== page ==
To give one example, Newspapers began as an almost unconscious act when I began buying the daily newspapers from major US cities that were then available in coin-operated boxes around the White House in Washington DC. This was 2001 during the Durban Racism Conference and I was curious to see what coverage I could find of the conference in the US press. None of these newspapers were ‘collectables’ as such, and I did not start out to create an artwork.  I had been reading at the time some accounts of the efforts of the South African Government official Eschel Rhoodie in the 1970s to secretly purchase the Washington Star a US newspaper in order to better “Image” the country. So I was already thinking about the power of a newspaper to construct image. In this case an image of South Africa that was externally constructed. One thinks of newspaper collections typically as an archive of issues with significant headlines. This was not my intention, and yet ironically the last paper I bought within this period of the Durban Racism Conference was on Sept 11, 2001. It was a morning edition and therefore showed no indication of the events that marked that date so indelibly. A single insignificant paper became hugely significant. And that interested me.

Stamps was originally an attempt to reconstruct my boyhood stamp collection that had been sold some years back and evolved into an intensive research project where I collected one of each issue while tracing the history of South Africa through the images on the stamps. This evolved still further into a massive installation with over 50 000 stamps spanning 100 years from the formation of the Union of South Africa in 1910 to the (then) present, 2010. The most recent collection, Records, I think is driven by a slightly different motive and that is an acute sense of a lost history and an awareness of the sheer immensity of South African audio history – both in terms of the audio material and the accompanying graphics, documentary photographs, and text.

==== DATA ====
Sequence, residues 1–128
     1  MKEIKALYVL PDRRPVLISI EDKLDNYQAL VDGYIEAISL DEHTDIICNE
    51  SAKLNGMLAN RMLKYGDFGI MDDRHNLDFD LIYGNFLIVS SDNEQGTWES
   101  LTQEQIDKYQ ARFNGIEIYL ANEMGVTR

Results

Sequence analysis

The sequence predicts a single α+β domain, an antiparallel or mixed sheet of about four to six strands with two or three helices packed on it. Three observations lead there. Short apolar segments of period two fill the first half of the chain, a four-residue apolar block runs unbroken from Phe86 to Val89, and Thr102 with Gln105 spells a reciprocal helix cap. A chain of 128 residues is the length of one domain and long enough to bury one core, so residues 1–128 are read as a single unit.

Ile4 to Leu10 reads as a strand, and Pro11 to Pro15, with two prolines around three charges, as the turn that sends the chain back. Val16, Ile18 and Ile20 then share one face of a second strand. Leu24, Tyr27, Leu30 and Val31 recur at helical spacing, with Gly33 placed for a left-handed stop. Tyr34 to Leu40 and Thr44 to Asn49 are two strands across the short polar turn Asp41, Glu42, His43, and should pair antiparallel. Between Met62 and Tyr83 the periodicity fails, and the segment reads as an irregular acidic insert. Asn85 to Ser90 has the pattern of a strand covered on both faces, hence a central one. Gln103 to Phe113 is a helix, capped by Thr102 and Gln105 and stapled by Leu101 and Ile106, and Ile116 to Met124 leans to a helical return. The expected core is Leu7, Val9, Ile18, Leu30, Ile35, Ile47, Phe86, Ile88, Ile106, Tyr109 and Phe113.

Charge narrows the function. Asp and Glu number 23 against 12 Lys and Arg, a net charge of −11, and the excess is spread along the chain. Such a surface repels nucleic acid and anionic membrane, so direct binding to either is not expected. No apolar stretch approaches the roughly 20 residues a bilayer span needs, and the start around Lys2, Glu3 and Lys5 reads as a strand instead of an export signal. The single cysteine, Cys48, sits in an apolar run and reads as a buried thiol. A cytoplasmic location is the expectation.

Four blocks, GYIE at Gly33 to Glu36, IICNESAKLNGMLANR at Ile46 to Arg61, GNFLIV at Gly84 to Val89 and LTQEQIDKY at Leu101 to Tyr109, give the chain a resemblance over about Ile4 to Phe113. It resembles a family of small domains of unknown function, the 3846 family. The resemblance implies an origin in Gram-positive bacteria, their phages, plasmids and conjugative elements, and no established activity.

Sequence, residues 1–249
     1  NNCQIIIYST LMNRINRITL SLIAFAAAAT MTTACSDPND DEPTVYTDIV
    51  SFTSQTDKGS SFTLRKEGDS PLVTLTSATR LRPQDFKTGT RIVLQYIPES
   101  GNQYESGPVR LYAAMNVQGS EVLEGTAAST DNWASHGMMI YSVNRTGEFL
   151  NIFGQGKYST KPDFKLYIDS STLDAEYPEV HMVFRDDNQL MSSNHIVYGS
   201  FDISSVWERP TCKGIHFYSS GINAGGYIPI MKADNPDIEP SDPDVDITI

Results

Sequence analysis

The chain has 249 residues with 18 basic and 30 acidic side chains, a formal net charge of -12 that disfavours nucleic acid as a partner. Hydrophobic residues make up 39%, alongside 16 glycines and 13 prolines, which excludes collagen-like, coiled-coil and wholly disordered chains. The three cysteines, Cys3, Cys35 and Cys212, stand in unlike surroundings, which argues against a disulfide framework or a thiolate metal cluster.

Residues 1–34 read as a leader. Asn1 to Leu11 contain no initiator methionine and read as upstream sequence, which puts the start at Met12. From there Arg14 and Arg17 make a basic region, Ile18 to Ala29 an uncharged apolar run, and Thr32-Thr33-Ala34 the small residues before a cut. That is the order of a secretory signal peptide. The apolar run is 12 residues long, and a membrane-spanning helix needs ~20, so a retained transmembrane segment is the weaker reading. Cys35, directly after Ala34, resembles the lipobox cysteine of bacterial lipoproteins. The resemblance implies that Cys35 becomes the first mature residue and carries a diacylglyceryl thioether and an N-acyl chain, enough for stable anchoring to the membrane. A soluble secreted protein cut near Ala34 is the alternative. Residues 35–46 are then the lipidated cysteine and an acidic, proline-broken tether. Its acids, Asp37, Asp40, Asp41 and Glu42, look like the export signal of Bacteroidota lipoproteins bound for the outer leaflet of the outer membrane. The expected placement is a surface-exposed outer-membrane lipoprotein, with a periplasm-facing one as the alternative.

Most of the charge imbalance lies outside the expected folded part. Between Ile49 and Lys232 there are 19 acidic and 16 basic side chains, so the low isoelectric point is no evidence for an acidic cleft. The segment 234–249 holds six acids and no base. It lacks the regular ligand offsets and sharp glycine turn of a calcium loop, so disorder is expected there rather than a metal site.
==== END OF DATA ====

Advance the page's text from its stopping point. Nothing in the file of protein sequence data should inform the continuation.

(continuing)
BM: Your artworks use actual archival material as building blocks, which then require other specialist material. Why is the trope of the archive so important to you?

SA: I mentioned earlier the archival collections I assemble are emphatically presented as incomplete narratives but as a collector I am the agency of that narrative. I struggle with what part of my studio process is collecting and archiving and what part is an engagement with more formal and aesthetic moves. And they are inseparable. The artistic questions I wrestle with also have much to do with the level of intervention I make on the original archival materials. I am obviously driven to collect, but then how does this action operate in concert with translation or framing in my studio practice? I am interested in how configuration for example can be the most dominant operative in the work. That each specimen remains intact, and yet hopefully meaning is articulated through arrangement and context. It is my hope that small moves can express larger narratives. Archive fever is an interesting term. Perhaps it is about finding something lost. Finding another thing that is lost. Making a third thing by allowing these to converse. I am not sure?

BM: There are multiple layers of value in your work, made infinitely more complex through its engagement with the archive. The archives, including (as they do) rare material are, of course, economically valuable. They are also important in terms of the history and heritage of their cultural application. Due to their temporal scope, they are essential as markers of highly specific shifts. Their significance is intellectual in critical scholarship. Finally, their role as contemporary cultural products leads to an appreciation that many find invaluable.

How then do you, as a cultural producer, mediate and negotiate productively between these very different forms of capital?